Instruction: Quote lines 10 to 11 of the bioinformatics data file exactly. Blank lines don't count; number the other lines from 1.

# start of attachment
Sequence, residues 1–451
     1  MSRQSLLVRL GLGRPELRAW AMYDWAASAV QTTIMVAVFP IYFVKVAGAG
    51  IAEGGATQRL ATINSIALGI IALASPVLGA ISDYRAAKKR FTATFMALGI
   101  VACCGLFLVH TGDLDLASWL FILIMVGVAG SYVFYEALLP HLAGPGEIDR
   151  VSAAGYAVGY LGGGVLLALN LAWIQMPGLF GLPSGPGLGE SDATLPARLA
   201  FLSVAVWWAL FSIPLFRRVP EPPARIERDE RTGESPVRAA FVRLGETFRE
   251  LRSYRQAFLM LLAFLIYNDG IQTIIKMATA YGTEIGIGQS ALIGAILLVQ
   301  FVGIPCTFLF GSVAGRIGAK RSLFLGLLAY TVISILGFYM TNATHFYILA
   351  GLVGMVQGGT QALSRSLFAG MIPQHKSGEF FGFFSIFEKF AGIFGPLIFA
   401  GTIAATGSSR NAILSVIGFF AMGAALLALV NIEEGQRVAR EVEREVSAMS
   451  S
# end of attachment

   401  GTIAATGSSR NAILSVIGFF AMGAALLALV NIEEGQRVAR EVEREVSAMS
   451  S